My childhood felt free as a bird. Sometimes we may have been a little too free and were prone to mass participation in mud fights, water fights, and clod fights as opportunity permitted.
Jessop kids seemed to know no fear. Our dare-devil escapades on bikes, in swings, on roofs, in trees, on mountains, and in water holes would probably have given our parents a few heart attacks if they had seen it all. It seemed like we always had something to do and boredom was virtually unknown. Rarely did anyone fall through the cracks, but sometimes naughty behavior resulted in the loss of privilege.
I recall one instance when my brother Nathan and I got punished with the withdrawal of dessert for helping ourselves to the pantry one too many times. We skulked off together and discussed at length the unfair persecution we were suffering at the hands of our mother. We concluded that all the rest of our siblings were her favorites since they were chuffing their fat faces full of Betty Crocker chocolate cake and sticking out their tongues showing off the disgusting evidence.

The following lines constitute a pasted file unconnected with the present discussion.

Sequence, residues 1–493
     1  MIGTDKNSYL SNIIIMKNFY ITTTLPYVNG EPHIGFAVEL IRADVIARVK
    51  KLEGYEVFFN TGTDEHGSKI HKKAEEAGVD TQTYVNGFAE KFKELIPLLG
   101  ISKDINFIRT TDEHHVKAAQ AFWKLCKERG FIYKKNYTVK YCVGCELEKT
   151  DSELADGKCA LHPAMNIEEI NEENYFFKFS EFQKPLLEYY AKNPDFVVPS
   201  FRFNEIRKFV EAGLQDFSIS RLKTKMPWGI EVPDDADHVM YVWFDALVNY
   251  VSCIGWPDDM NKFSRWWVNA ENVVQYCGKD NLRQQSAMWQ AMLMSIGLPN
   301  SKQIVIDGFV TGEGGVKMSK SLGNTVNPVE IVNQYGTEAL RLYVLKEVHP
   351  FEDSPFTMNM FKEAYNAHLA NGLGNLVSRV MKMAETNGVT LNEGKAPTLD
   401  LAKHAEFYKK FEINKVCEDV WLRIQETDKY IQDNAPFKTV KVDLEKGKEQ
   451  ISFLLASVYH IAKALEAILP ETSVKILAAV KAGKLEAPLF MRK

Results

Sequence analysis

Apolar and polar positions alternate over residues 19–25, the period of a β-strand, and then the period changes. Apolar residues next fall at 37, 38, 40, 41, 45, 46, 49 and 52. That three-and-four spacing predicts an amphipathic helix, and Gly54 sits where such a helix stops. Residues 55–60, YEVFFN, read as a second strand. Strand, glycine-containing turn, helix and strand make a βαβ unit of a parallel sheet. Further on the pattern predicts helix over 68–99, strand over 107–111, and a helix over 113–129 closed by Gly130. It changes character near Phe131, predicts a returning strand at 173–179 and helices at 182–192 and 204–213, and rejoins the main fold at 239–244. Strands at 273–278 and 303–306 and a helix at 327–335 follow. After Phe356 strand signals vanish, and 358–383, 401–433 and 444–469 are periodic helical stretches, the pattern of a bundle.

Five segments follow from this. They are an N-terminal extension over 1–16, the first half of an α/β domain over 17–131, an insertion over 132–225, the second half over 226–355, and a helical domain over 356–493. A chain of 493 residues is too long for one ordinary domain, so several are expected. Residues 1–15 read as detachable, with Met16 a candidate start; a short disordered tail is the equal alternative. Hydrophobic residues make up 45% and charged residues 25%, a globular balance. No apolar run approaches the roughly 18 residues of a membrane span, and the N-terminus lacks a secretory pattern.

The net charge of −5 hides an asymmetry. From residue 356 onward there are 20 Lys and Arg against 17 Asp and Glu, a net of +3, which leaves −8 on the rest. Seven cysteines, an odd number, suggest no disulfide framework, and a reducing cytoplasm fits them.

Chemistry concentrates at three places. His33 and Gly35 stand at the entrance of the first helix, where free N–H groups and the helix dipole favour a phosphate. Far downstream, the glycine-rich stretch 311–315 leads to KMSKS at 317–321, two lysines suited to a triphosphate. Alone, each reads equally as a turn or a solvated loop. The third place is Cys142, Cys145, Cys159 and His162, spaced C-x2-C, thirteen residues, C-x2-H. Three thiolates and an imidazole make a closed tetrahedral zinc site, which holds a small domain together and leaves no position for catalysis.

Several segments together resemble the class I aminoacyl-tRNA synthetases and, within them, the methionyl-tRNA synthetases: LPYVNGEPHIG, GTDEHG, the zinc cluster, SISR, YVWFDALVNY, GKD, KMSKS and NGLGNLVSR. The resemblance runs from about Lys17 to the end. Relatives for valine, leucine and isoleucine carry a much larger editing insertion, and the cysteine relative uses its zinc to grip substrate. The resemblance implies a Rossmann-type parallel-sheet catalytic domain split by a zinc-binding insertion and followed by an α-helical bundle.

Nate and I decided that since nobody loved us, we would teach everybody a lesson and run away. Oh, how they would suffer when they didn’t see us again in this life. We planned a heist of one loaf of bread and a quart jar of canned peaches for our subsistence and set off down the creek.
We hid behind a sand bank for a couple hours and polished off our food supply while watching our spoiled rotten siblings run around whooping like wild Indians. Occasionally, Mother Ruth stepped outside to check on things, but nobody even seemed to notice our absence. That was a serious insult to our juvenile pride. Our planned retribution was having no effect whatsoever.
Nate and I discussed things further. We reasoned there was a slight possibility the punishment had fit the crime. We had recently digested the Adventures of Tom Sawyer and Huckleberry Finn and could relate to the adventuresome idea of living on the edge. It seemed only right for us to pay for a small percentage of our crimes.
After another hour when loneliness began to set in, we analyzed the possibility that perhaps our mother loved us a little bit after all. We decided to give our family one more chance to treat us right, and we returned to the fold forthwith.
From WHERE MUCH IS GIVEN
Autobiography by Maggie Jessop Jeffs
Coming soon on Amazon